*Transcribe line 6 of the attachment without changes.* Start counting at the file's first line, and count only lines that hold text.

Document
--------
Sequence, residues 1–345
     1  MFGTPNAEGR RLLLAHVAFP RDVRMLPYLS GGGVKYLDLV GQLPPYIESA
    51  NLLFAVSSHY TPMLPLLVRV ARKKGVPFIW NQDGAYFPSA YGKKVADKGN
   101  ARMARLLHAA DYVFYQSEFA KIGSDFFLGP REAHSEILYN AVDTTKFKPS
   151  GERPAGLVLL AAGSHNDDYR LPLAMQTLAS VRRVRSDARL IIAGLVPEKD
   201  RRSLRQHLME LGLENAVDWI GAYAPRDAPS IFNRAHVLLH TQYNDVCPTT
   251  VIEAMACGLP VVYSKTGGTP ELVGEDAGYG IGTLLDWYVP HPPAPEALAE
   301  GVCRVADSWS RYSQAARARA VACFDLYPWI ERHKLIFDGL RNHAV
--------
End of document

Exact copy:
   201  RRSLRQHLME LGLENAVDWI GAYAPRDAPS IFNRAHVLLH TQYNDVCPTT